- Allow companies advertising on their platform access to the performance measuring tools and the information necessary for advertisers and publishers to carry out their own independent verification of their advertisements hosted by the gatekeeper
- Allow business users to offer the same products or services to end users through third party services at prices or conditions that are different from those offered through the gatekeeper’s service
- Allow business users access to and interoperability with the same operating system, hardware or software features that are available or used in the provision by the gatekeeper of any ancillary services
- Allow business users to promote their offers and conclude contracts with their customers outside the gatekeeper's platform
- Provide effective portability of data generated through the activity of a business user or end user
- Provide business users with access to data that is generated in the context of the use of the relevant core platform services by the business user’s customers
- Provide advertisers and publishers to which the gatekeeper supplies advertising services with information concerning the price paid by the advertiser and publisher, as well as the amount or remuneration paid to the publisher, for the publishing of a given ad
- Apply fair and non-discriminatory general conditions of access for business users to the gatekeeper’s software application store
The “don’ts” include:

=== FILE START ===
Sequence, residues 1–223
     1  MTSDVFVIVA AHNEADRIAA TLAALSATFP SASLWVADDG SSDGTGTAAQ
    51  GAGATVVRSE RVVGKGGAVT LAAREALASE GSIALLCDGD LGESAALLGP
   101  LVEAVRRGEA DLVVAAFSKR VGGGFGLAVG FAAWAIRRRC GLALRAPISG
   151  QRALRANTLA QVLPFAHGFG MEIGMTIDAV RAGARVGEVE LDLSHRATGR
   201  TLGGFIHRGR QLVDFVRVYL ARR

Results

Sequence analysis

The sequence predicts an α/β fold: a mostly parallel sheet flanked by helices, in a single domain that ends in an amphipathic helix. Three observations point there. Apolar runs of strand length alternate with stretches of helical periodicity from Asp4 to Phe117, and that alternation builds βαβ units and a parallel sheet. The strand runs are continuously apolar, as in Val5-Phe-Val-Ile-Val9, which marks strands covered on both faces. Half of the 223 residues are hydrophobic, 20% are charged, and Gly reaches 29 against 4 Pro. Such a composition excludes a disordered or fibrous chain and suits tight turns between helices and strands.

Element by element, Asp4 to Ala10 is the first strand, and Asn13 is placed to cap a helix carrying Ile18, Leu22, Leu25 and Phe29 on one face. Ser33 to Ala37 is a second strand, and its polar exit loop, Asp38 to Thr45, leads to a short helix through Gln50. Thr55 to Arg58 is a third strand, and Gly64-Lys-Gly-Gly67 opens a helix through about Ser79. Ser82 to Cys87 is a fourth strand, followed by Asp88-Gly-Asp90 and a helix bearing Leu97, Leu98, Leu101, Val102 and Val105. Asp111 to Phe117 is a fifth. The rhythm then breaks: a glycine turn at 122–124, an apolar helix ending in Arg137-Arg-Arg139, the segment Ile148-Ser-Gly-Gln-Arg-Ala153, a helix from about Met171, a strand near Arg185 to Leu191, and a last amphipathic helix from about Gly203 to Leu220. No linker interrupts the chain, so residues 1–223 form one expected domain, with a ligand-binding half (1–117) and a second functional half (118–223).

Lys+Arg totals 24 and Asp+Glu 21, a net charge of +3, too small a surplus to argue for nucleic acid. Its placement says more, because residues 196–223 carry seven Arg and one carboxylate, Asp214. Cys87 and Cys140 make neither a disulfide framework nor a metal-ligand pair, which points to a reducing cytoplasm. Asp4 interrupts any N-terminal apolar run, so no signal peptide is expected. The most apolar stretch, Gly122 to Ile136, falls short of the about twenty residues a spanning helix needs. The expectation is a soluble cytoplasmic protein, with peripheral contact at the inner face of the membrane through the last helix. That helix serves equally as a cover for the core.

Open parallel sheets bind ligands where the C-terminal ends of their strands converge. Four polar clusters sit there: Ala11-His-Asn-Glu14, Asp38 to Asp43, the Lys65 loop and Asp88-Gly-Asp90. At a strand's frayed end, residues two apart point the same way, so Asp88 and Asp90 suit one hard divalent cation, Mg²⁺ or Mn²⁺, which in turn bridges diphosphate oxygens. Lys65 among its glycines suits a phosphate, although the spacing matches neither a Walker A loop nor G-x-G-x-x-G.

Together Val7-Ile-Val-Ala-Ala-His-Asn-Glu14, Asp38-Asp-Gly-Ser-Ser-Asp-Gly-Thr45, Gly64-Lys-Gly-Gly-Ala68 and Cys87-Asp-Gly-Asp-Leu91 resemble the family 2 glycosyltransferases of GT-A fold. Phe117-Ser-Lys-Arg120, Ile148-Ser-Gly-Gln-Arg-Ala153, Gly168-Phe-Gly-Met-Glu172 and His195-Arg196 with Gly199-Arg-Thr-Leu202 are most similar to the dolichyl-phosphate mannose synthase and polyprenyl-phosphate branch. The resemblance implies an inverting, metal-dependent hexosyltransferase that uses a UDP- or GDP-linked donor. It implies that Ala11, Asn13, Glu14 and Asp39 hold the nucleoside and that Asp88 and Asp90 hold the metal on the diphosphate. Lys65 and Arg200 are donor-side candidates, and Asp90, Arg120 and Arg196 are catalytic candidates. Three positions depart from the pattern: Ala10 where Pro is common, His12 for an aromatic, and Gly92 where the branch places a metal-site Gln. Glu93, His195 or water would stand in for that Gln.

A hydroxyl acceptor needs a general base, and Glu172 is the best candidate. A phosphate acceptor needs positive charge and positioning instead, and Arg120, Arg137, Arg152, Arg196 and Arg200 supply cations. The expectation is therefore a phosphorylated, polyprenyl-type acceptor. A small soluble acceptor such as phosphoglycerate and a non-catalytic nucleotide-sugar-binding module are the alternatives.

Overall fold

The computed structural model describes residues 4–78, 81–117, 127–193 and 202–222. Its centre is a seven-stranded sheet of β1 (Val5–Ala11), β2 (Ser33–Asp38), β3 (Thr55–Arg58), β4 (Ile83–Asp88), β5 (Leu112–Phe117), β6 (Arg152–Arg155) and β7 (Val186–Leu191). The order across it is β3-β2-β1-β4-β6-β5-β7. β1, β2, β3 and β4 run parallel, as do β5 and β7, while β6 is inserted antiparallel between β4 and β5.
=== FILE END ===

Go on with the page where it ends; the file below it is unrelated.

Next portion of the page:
- Refrain, when ranking services and products (e.g. in search results), from treating the gatekeeper’s own services (or services offered by any user of the service controlled by that gatekeeper) more favourably than those of unrelated third parties, and a positive obligation to apply fair and non-discriminatory conditions to such ranking
- Refrain from blocking users from un-installing any pre-installed software or apps
- Refrain from using data obtained from their business users and which is not publicly available to compete with these business users
- Refrain from restricting their users from accessing services that they may have acquired outside of the gatekeeper platform
Market Investigation Tool
The DMA also empowers the Commission to carry out “market investigations” for the purposes of examining whether an operator should be designated with gatekeeper status, investigating systematic non-compliance by gatekeepers, updating the list of core platform services and updating the obligations of gatekeepers. The DMA imposes time limits for market investigations, which vary from six months to two years depending on the purpose of the investigation, with scope for extensions. In this way, the market investigation tool seeks to build in the necessary flexibility for fast-moving digital markets, to ensure that “new or evolving practices can be the subject of intervention where necessary and justified.”